FOOD: Local chefs offer Flower Show-inspired recipes

Pansies and borage flowers decorate this deconstructed crab cocktail from General Warren.
Pansies and borage flowers decorate this deconstructed crab cocktail from General Warren. PHOTO BY EMILY RYAN
At General Warren, duck confit rests on a bed of apple and squash blossoms.
At General Warren, duck confit rests on a bed of apple and squash blossoms. PHOTO BY EMILY RYAN

EDIBLE FLOWERS 101

“You can forage a lot of these things. Or they grow in your yard, and you don’t know you can eat them,” said Joshua Smith, General Warren’s executive chef. “Not to say, ‘Go out and mow your lawn and make a salad.’ Do a little research.”

“Make sure that someone knowledgeable identifies them for you before you eat them,” agreed Sally McCabe, Pennsylvania Horticultural Society’s associate director of community education. “The stuff you want to eat comes out of people’s gardens.”

Just remember: Pesticide-free is key.

“They have to be grown organically,” stressed Marjorie Lamb of Spring Thyme Herb Farm. “For instance, you don’t want to buy plants from a nursery that have probably been sprayed with pesticides, take them home and put them in your salad.”

Likewise, skip the florist. Save those roses for a vase, not a plate.

— By Emily Ryan

The dish screamed “springtime” — pansies and borage blooms dancing like butterflies through blackberry puree in a deconstructed crab cocktail. Call it a tribute to the Philadelphia Flower Show as edible flowers take “center plate.”

“They’re a lot of fun to work with,” said Joshua Smith, executive chef at General Warren in Malvern, who also prepared duck confit with apple and squash blossoms. “I just like that they add the different colors and textures. I like that they add some depth.”

So does chocolatier Gail Warner of Bridge Street Chocolates in Phoenixville. For a limited time, indulge in organic flower mendiants — dark chocolate disks, featuring dried hibiscus, crystalized ginger and toasted pine nuts.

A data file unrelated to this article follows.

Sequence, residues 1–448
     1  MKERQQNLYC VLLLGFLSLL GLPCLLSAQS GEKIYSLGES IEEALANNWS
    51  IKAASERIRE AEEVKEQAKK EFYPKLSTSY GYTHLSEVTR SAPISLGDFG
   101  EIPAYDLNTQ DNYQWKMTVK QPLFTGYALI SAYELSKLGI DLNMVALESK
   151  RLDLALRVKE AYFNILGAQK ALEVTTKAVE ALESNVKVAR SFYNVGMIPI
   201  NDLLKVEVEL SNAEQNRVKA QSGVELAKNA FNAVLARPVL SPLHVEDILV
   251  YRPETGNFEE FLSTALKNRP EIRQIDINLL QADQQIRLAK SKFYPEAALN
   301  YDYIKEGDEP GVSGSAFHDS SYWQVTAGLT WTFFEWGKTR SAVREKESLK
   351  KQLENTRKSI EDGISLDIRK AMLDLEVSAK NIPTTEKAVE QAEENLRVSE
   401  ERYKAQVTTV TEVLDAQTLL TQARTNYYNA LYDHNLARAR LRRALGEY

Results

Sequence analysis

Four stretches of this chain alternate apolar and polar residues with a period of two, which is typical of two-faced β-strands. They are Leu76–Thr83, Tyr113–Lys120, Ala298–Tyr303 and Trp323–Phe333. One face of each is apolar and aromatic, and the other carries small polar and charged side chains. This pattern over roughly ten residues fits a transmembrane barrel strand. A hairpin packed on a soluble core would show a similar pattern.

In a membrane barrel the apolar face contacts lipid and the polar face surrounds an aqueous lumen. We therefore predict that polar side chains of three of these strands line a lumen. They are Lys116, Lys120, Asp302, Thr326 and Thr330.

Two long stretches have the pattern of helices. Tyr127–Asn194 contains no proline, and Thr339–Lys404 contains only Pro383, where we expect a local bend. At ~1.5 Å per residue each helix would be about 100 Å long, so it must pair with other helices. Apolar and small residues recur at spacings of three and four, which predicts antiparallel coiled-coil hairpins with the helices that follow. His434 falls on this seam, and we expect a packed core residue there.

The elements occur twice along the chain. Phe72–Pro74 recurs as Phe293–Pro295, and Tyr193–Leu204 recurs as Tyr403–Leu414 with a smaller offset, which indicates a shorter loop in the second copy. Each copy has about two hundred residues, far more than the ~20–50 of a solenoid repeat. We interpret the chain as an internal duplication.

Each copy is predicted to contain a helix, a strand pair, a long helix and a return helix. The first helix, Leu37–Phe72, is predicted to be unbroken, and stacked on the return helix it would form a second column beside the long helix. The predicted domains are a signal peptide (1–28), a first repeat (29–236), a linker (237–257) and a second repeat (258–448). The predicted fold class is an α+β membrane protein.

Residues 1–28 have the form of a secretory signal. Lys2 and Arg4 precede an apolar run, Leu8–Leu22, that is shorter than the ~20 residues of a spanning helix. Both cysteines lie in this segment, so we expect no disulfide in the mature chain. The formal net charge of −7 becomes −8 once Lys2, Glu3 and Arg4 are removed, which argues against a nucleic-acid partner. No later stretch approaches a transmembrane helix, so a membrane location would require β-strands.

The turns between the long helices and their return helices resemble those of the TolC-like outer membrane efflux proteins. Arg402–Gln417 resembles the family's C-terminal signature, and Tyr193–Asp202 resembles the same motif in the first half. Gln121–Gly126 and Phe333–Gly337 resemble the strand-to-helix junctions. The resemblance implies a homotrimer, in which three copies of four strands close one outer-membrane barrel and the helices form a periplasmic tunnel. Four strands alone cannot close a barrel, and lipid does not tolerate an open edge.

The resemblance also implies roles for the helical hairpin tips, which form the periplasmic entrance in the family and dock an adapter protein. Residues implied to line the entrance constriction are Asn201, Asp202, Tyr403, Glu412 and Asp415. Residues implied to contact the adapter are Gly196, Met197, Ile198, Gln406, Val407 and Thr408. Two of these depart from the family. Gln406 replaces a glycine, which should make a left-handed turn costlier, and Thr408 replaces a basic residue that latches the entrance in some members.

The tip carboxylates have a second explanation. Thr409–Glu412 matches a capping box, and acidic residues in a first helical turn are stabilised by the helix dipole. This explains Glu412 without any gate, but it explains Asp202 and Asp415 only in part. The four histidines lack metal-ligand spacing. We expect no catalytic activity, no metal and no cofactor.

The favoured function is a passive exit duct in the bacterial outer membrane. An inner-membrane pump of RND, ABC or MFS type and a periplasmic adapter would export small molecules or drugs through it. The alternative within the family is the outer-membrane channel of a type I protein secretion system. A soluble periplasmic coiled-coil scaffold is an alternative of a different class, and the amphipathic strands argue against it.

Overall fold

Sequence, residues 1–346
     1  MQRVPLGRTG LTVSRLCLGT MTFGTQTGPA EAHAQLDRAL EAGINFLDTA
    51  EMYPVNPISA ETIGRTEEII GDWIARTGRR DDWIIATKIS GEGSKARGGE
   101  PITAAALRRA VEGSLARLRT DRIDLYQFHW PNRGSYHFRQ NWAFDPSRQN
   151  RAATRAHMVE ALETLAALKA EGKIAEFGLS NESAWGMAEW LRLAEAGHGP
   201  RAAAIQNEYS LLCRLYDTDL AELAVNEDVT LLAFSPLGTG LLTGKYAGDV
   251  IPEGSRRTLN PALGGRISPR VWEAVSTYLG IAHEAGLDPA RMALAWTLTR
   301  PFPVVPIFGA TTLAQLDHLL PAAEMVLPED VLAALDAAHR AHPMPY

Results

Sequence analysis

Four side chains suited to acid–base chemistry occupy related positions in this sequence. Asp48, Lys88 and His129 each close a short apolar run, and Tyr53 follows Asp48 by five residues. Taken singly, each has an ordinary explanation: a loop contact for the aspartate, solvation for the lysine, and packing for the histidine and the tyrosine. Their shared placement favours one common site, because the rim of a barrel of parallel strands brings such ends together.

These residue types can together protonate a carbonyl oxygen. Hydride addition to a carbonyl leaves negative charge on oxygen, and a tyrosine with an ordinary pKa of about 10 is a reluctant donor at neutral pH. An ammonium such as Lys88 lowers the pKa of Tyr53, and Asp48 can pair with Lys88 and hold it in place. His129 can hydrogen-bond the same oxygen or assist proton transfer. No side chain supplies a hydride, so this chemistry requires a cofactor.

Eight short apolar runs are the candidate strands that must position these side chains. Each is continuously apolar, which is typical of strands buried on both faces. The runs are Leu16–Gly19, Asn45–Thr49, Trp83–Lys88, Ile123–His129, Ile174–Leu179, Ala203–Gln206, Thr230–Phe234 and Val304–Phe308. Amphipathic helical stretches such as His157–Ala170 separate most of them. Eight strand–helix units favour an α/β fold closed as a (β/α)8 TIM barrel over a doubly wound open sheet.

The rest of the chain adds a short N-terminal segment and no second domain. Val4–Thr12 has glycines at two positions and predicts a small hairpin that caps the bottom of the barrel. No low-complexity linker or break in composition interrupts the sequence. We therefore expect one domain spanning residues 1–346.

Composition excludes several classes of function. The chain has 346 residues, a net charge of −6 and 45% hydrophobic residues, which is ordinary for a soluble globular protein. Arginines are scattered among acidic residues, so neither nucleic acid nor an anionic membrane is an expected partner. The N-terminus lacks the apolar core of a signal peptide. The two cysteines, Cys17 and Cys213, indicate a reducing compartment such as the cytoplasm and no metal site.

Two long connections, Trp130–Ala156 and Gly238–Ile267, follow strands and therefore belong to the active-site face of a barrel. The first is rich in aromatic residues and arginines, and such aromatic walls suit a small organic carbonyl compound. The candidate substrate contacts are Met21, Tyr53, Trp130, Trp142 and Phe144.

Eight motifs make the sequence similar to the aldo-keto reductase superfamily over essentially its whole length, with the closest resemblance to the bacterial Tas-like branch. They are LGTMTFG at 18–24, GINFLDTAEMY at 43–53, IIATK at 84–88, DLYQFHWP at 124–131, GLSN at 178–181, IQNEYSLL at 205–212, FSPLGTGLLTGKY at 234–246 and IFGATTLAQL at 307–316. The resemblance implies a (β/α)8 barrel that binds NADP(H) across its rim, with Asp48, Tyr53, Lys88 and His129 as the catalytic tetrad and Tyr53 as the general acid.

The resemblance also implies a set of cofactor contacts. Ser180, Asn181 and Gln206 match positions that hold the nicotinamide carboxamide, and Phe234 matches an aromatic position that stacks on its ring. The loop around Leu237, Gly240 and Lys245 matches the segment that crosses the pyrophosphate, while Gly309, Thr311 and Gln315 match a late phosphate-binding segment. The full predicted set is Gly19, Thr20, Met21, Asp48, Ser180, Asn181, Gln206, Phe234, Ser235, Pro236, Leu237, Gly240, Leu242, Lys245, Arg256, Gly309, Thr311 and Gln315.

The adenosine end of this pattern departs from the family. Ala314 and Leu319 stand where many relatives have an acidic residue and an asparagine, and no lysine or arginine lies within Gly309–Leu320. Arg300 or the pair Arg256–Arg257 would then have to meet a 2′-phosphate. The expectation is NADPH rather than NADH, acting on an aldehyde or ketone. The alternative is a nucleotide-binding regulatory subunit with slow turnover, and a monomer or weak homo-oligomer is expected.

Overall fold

“It’s just a surprise, a beautiful combination of flavors in one bite,” she described. “The hibiscus is a little sweet and a little tart. I think everyone’s used to having it in tea.”

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At A Taste of Britain in Wayne, choose hibiscus, lavender, chamomile, rose or jasmine tea.

“Just seeing the flowers in the tea, it makes me think of spring,” said owner Debbie Heth. “It’s such a little bright, happy spot.”

Better yet, pair a cup with lavender shortbread.

“The lavender takes it up a notch, adds some complexity,” she explained. “I like lavender, so I think it’s a nice touch.”

Lavender’s among the many edible flowers Marjorie Lamb grows at Spring Thyme Herb Farm in Kennett Township, supplying Whole Foods and other stores.

“I think people are sometimes hesitant to try to eat them because they think they’re going to have some strong flavor,” she said. “I like to eat the nasturtiums. They have a really nice flavor, kind of like watercress.”

Calendula, carnation, cornflower, geranium, marigold, rose, viola… the list goes on.

“Most of these you would eat raw,” noted Sally McCabe, Pennsylvania Horticultural Society’s associate director of community education. “Put them in a salad or on a cake for color.”

Remember those borage blossoms?

“They are the most incredible blue that flowers can ever get,” she said. “The flowers taste like cucumber.”

One more to enjoy: pickled daylily buds.

“Oh, they’re good!”

Lavender Shortbread

Ingredients

1 pound unsalted butter

1 ½ cups powdered sugar

1 teaspoon pure vanilla extract

1 tablespoon dried lavender flowers, ground (or crushed with mortar and pestle)

4 cups unbleached all-purpose flour

Instructions

Preheat oven to 350 degrees. Cream the butter and sugar until light and fluffy. Add the vanilla and lavender and mix. Add flour about a cup at a time and mix until just combined. Chill the dough for at least an hour. Roll dough out on lightly floured surface to ¼-inch thick. Cut into shapes (we like using teapot-shaped cutters!) and place onto parchment-lined cookie sheet. Bake at 350 for 10 to 12 minutes, just until the edges start to become golden. Let cool for 5 minutes on the cookie sheet, then transfer to wire rack to cool completely. Best enjoyed with a pot of good tea!

RECIPE COURTESY OF A TASTE OF BRITAIN

Deconstructed Crab Cocktail

Ingredients

Premium jumbo lump crab meat

Fresh edible flowers or herbs

Blackberry puree:

3 pints fresh blackberries

2 tablespoons minced shallots

1 tablespoon fresh thyme

½ cup red wine

2 tablespoons white balsamic vinegar

3 cups water

¼ cup brown sugar

Instructions

This is a simple dish that will let you express your creativity. Apply the puree however you like to a white plate. Place the crab lumps on the puree. Fill in your canvas with your flowers, fresh herbs or salad mix of your choosing. Be sure to use the finest ingredients as this dish relies on the flavors of the food.

For the blackberry puree: Place all puree ingredients into a medium saucepot and simmer over a medium heat until liquid reduces by ¾ (approximately 10 minutes). Transfer mixture to a blender and puree until smooth. Strain the mixture through a fine sieve and chill.

RECIPE COURTESY OF GENERAL WARREN